Wasps, honey bees and swarms - some basic information.
Posted on 14th June 2018 at 07:05
As professional pest controllers we deal with wasp nests but we won't treat honey bee's, particularly when swarming. These insects are fairly docile and can be collected by a local beekeeper which can be found by looking up the British Beekeepers Association.
Picture of a swarm in a bush in Holyport which we attended this week.
Here at Maidenhead Pest Control we’re starting to get busy dealing with wasps and wasp nests; summer has arrived and as the days get hotter so we’re seeing a rapid increase in wasp numbers and callouts for wasp treatments.
One thing that we don’t treat and doesn't’t require any intervention from pest controllers are honey bee swarms, we have just had a callout to Holyport for what was termed “wasps” when in fact it was a swarm.
Swarms are harmless and caused by male drones appearing in the bee hive which then mate with the Queen bee. The swarm is caused by part of the colony dividing to follow a separate Queen and to eventually form their own colony.
A swarm of honey bees may contain from 12,000 to 30,000 bees and is an instinctive and natural part of the annual reproduction lifecycle of a honey bee colony.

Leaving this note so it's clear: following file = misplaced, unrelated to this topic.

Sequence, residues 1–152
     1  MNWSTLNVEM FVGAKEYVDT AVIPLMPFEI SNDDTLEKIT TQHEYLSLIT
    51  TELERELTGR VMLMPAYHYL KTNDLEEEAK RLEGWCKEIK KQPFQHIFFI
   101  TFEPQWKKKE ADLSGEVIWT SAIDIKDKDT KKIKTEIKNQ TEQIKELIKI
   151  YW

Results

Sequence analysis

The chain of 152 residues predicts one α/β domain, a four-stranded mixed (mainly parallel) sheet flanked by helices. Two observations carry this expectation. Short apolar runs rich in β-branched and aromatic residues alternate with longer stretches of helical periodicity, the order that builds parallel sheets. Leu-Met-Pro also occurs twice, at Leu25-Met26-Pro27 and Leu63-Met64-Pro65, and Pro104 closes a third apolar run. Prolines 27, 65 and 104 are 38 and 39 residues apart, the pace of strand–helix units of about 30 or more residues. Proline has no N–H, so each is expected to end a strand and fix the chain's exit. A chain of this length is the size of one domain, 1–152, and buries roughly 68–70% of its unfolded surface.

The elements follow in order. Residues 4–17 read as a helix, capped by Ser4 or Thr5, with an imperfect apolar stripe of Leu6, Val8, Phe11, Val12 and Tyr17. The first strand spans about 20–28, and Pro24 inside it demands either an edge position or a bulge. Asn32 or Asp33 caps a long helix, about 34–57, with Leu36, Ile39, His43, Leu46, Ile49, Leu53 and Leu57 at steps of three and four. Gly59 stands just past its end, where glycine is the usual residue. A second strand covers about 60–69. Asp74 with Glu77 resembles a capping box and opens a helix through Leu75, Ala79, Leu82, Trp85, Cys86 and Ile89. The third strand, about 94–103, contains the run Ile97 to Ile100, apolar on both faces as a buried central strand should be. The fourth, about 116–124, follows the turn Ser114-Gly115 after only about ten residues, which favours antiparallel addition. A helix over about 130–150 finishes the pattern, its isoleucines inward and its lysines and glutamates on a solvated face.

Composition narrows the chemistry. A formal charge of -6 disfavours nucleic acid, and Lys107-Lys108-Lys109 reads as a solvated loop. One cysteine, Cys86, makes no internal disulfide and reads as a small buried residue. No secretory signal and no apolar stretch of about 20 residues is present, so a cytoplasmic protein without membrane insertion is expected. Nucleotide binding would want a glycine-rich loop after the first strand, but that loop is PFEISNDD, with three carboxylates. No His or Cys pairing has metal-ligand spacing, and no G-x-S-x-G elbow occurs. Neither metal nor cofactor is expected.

These swarms usually emerge from their colonies on warm sunny days, and as the bees have filled up with honey and are searching for a new home and so are normally docile and not interested in humans.
The swarm of honey bees like the one we were called out to will then all temporarily cluster, at one location, such as on a branch of a tree or bush.
The cluster of bees range in size from the size of a large grapefruit to basketball size and sometimes larger. Scout bees are then sent out in search of a suitable home, such as a hole in a tree or a building.
The existence of a swarm can take a few hours to several days, until a suitable cavity is found.
In late May and June, a hive of honey bees will have three types of honeybees in it; one queen, a couple of thousand male drones (about 15% of the population of the hive) and tens of thousands of female workers.
Wasps on the other hand will have one Queen and around a couple of hundred female workers; this will rise rapidly now until they peak in August and September where there will be around 15,000 female wasps.
If you find a wasp nest it’s better to treat early than leave it to later and the chance of getting stung.
If you discover a honeybee swarm call a beekeeper to come and collect it, they will do this as a free service - you can find your nearest beekeeper through the British Bee Keeping Associations website:
Tagged as: Wasps and bee's
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